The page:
Activation of the extrinsic apoptosis in anti-CD147 treated GC-2 cells and mouse testis.

Figure 1: Activation of the extrinsic apoptosis in anti-CD147 treated GC-2 cells and mouse testis. A. Representative images of western blot analysis of the extrinsic apoptotic factors TRAF2, procaspase 8 and cleaved caspase 8 in CD147-immunodepleted testis of SCID mouse (left panel) and anti-CD147 treated GC-2 cells (right panel). The GC-2 cells were treated with 10 μg/mL anti-CD147 for 48 h. The testis was injected with 10μl mouse anti-CD147 mAb (40 μg/mL) and the total protein of testes was harvested after nine days. β-tubulin was used as the loading control. B. The corresponding statistical analysis (*, p<0.05 vs IgG control), the experiments were repeated 3 times. Values represent the mean±SEM. C. Co-immunopreciaptation (IP) of TRAF2 and CD147 in HEK293 cells. Myc-tagged TRAF2 was transfected into HEK293 cells and cell lysate was extracted with IP lysis buffer after 48 h transfection. TRAF2 or CD147 was pull down by indicated antibodies and the interaction was detected by immunoblot (IB) for CD147 and myc-tagged TRAF2. D. Co-immunoprecipitation (IP) of TRAF2 and CD147 in GC-2 cells. Endogenous TRAF2 was pulled down by anti-CD147 antibody and the interaction was determined by immunoblotting (IB) for CD147 and TRAF2. E. Overexpression of TRAF2 ameliorates the decrease in viability of CD147-depleted cells. GC-2 cells were transfected with TRAF2 overexpressing plasmid or vector control and treated with anti-CD147 antibody (10 ug/ml) or normal IgG. Summary of MTS assay (OD490 nm) at indicated time points is shown. (****, p<0.001 vs IgG control, **, p<0.01 vs IgG control).

Interference with CD147 function suppresses canonical NFκB signaling in spermatocytes

TRAF2 is known to stimulate canonical NFκB signaling, which is known to suppress apoptosis. Since depletion of CD147 reduces the level of TRAF2, we evaluated the alteration of canonical NFκB factors in the CD147 immunodepleted GC-2 cells and mouse testis. Consistent with the activation of cleaved caspase 3 in CD147 immunodepleted germ cells [31], the expression of canonical NFκB factors p105, p50 and p65 was decreased both in the CD147 immunodepleted GC-2 cells and mouse testis, compared with the IgG groups (Figure 2). These results suggest that interference of CD147 suppresses canonical NFκB signaling in spermatocytes.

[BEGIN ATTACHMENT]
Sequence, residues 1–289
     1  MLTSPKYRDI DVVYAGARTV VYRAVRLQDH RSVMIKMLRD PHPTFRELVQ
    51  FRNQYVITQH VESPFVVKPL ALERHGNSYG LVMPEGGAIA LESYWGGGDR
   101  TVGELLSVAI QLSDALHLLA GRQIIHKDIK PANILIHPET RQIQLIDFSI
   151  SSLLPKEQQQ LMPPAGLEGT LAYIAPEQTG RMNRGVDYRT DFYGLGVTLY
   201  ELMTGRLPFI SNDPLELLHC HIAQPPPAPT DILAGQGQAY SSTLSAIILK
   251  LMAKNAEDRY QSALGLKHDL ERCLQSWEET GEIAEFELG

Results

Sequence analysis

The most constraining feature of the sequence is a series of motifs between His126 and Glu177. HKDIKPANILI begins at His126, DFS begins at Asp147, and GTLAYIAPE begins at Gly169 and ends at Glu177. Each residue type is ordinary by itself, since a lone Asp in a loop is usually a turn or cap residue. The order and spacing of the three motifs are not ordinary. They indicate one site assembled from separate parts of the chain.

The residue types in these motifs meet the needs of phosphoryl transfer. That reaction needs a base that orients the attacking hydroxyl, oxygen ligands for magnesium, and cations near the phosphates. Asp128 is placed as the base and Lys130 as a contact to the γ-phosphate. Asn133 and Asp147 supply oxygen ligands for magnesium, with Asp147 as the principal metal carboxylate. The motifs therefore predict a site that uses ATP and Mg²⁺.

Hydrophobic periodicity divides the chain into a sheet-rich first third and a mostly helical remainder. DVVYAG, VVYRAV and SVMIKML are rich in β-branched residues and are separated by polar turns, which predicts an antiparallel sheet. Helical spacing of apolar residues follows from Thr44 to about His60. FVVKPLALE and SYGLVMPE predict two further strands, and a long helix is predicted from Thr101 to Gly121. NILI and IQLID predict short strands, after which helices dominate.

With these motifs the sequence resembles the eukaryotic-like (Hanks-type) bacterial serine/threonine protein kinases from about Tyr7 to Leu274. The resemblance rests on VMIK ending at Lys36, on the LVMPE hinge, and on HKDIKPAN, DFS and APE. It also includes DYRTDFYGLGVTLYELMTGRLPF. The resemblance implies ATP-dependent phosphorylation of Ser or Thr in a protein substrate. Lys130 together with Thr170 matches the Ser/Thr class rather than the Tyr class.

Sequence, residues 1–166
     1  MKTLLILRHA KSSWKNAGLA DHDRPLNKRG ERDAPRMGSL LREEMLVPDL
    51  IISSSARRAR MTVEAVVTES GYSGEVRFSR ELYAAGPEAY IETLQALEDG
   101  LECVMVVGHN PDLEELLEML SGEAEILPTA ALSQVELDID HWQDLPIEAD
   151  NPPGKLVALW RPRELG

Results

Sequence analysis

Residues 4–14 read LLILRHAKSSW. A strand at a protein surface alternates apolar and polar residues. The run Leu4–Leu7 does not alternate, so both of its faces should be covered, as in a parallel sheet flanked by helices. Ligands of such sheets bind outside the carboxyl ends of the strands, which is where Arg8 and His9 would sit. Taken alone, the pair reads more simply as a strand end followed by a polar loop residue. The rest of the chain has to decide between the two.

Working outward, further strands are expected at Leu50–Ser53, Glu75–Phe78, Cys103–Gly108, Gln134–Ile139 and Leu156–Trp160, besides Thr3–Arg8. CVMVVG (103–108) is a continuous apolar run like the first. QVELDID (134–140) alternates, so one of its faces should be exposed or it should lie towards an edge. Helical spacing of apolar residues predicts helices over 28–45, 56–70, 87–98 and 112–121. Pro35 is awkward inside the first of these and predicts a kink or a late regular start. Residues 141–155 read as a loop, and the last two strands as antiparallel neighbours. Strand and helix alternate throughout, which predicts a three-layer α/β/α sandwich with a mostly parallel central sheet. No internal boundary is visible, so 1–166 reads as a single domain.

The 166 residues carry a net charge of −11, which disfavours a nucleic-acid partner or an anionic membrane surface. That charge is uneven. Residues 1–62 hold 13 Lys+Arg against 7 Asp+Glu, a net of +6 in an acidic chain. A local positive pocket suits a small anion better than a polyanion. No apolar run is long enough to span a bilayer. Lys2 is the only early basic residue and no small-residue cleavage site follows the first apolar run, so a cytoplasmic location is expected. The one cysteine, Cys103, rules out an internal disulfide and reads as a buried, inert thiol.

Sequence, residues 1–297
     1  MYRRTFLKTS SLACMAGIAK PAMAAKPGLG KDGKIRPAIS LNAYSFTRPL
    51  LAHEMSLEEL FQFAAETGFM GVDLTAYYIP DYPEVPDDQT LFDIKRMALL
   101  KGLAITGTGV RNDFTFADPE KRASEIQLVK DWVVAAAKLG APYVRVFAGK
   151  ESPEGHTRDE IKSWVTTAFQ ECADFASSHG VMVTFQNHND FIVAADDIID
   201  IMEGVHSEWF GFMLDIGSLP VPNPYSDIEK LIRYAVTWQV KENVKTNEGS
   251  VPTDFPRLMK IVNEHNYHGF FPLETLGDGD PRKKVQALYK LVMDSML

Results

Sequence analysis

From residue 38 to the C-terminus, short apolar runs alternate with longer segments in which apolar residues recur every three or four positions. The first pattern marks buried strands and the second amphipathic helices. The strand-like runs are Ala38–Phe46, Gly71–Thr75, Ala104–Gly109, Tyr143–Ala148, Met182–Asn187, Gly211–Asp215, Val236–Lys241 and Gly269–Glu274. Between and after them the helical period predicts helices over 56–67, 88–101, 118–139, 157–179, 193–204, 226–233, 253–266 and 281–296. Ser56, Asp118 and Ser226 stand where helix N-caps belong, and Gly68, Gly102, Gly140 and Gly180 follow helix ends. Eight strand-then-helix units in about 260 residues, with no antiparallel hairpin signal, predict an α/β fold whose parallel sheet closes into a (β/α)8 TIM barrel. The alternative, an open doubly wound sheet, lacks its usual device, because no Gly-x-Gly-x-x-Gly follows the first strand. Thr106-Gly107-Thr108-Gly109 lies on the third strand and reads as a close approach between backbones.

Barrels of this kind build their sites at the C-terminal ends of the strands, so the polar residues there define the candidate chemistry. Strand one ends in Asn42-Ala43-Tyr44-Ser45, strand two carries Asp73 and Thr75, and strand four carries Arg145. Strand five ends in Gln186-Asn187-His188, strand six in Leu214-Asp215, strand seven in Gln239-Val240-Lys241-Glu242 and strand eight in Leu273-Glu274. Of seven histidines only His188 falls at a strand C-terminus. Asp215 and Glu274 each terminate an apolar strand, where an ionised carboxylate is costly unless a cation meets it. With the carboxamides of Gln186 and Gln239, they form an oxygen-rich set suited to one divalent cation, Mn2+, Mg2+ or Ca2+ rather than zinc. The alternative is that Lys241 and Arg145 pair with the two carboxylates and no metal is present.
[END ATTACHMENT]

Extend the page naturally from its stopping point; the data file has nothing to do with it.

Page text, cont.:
Immunodepletion of CD147 suppresses the canonical NF&#x03BA;B signaling.

Figure 2: Immunodepletion of CD147 suppresses the canonical NFκB signaling. A. Representative images of western blot analysis of the canonical NFκB factors p105, p50 and p65 in CD147-immunodepleted testis and anti-CD147 treated GC-2 cells. The GC-2 cells were treated with 10 μg/mL anti-CD147 for 48 h. The testis was injected with 10μl mouse anti-CD147 mAb (40 μg/mL) and the total protein of testes was harvested after nine days. β-tubulin was used as the loading control. B. The corresponding statistical analysis (*, p<0.05 vs IgG control), the experiments were repeated 3 times. Values represent the mean±SEM.

Interference with CD147 function activates non-canonical NFκB signaling in spermatocytes

Apart from the canonical NFκB pathway, TRAF2 also negatively regulates the non-canonical NFκB signaling, which has been implicated in the activation of the extrinsic apoptosis, by inducing the degradation of NIK [27, 36, 37]. NIK activates non-canonical NFκB signaling by promoting the processing of p100 to p52, followed by p52/RelB nuclear translocation [25, 26]. To examine the activation of non-canonical NFκB by immunudepletion of CD147, the protein levels of non-canonical NFκB factors, including NIK, p100 and p52, were examined by western blot in the CD147-immunodepleted GC-2 cells and mouse testis. The results showed that the protein level of NIK increased dramatically in both CD147-immunodepleted GC-2 cells and mouse testis (Figure 3A and 3B), followed by activation of non-canonical NFκB signaling with elevated p100 and p52, compared with IgG controls. Taken together, these results suggest that interference of CD147 with its antibody stimulates apoptosis via non-canonical NFκB signaling in spermatocytes.

Immunodepletion of CD147 activates the noncanonical NF&#x03BA;B signaling.

Figure 3: Immunodepletion of CD147 activates the noncanonical NFκB signaling. A. Representative images of western blot analysis of the noncanonical NFκB factors NIK, p100 and p52 in CD147-immunodepleted testis and anti-CD147 treated GC-2 cells. The testis was injected with 10μl mouse anti-CD147 mAb (40 μg/mL) and the total protein of testes was harvested after nine days. The GC-2 cells were treated with 10 μg/mL anti-CD147 for 48 h. β-tubulin was used as the loading control. B. The corresponding statistical analysis (*, p<0.05 vs IgG control), the experiments were repeated 3 times. Values represent the mean±SEM.